in the back
Bashing the bishops in York
Church of England, Issue 1468
AFTER THE FLOOD: Archbishop Sentamu, in whose palace basement records of complaints against clergy were irreparably damaged by floodwater
SOUTH Yorkshire Police is investigating complaints of misconduct in public office against four Church of England bishops and an archbishop, John Sentamu.

The complaints were made by the Rev Matthew Ineson, who says the churchmen all failed to act on his repeated disclosures in 2012 and 2013 that he had been abused by a priest 20 years earlier, when he was a teenager in Bradford. At the time of Ineson’s disclosures all five clerics were working in the church’s Northern Province of York.

It is unusual for Inspector Knacker to be involved in such a case. Most grievances against clergy are dealt with internally through the Clergy Disciplinary Measure (CDM), which covers everything from gripes about a vicar’s choice of hymns to allegations of abuse. All complaints are sent up the line to the diocesan bishop, who passes judgment and hands down a penalty where necessary. If the complaint is against a bishop it goes to the archbishop – though in practice no bishop has ever been disciplined under the CDM except for Rt Rev Peter Ball, who was already behind bars.

Immune from investigation
One of the strangest features of this discipline procedure is that complaints must be lodged within 12 months of the alleged offence. Given that the average length of time between child sexual abuse and disclosure is 14 years, this means cases of clergy abuse against children and young people are almost immune from internal investigation.

Stranger still, if the 12-month deadline has passed, the person against whom the complaint is made has to consent to it being pursued. Thus in the case of Matthew Ineson, who was raped by his parish priest at just 16, the church was in the bizarre position of having to ask his abuser – Rev Trevor Devamanikkam – for permission to investigate. Devamanikkam simply ignored the request. (He was less successful at staving off the police: sent for trial in June 2017 on six counts of sexual assault, he killed himself the night before he was due to appear.)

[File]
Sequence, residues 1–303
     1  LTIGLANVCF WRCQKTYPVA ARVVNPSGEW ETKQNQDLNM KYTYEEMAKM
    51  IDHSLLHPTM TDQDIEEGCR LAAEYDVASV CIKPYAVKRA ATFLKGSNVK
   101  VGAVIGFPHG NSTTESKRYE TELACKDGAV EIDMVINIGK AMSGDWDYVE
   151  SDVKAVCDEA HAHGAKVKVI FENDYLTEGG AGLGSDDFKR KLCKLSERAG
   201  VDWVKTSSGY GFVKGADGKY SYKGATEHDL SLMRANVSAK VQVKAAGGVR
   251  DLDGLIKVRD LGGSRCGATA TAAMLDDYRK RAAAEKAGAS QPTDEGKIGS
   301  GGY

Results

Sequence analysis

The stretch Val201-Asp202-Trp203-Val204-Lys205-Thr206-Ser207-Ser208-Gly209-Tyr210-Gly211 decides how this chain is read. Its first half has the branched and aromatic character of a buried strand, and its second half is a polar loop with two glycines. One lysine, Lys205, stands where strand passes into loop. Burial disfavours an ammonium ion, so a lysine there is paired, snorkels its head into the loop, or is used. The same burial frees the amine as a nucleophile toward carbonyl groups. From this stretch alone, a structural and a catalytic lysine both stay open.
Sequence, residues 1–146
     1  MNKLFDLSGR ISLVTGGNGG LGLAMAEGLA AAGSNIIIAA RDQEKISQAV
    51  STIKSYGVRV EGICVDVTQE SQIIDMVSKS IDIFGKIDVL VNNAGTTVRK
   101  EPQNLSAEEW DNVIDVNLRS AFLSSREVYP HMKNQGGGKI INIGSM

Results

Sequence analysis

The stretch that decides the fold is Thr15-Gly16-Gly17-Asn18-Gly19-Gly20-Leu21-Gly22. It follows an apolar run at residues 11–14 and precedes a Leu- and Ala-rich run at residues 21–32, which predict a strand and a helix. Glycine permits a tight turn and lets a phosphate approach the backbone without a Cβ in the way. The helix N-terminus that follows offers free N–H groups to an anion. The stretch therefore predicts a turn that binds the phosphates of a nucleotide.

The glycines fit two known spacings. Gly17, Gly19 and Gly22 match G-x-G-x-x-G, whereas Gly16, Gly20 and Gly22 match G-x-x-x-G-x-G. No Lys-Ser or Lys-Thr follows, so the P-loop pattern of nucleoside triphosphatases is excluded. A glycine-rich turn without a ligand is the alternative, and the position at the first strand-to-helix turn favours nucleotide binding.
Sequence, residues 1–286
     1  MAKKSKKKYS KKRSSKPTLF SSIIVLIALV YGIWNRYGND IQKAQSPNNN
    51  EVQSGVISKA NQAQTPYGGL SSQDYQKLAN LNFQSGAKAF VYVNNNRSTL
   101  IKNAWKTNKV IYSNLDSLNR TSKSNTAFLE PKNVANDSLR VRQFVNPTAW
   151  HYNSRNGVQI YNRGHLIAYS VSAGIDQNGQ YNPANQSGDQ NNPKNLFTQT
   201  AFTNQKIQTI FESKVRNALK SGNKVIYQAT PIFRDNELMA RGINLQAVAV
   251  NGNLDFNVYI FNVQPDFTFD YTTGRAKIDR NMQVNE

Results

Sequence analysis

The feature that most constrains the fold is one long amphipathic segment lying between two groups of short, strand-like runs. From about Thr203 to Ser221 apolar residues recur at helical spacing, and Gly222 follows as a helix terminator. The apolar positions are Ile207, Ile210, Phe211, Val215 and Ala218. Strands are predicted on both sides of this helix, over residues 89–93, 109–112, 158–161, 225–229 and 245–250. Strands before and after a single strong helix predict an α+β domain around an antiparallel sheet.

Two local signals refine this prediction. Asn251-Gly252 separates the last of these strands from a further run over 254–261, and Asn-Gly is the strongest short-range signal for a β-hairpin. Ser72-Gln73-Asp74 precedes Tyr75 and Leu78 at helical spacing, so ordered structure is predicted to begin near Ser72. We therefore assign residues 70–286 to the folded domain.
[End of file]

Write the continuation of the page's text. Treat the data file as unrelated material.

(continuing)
Damaged by flooding
Ineson’s internal complaints against the bishops in 2015 also fell foul of the one-year rule. Nor was that all. The Clergy Discipline Commission, which oversees the CDM process, says in its annual report for 2015 that six complaints were made against bishops and all were dismissed, but that these figures “are based solely on the return for the province of Canterbury figures – records for the province of York were damaged by flooding”.

The relevant documents had been stored in the basement of Archbishop Sentamu’s palace outside York, which was indeed affected by flooding in the last week of 2015. Thankfully, precious church archives from the 15th century survived the deluge. Sadly, the complaints against 21st-century bishops did not. God certainly moves in a mysterious way.

‘The Devil’

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‘Criminal or reckless’ acts may have led to Geoff Gray’s death at Deepcut, a court hears, as preparations are made for a new inquest into his violent death.

More on Colin Graves, chair of the England & Wales Cricket board, who really didn’t like the last Eye’s story about his threatened libel action against a respected cricket writer.

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Private Eye Issue 1467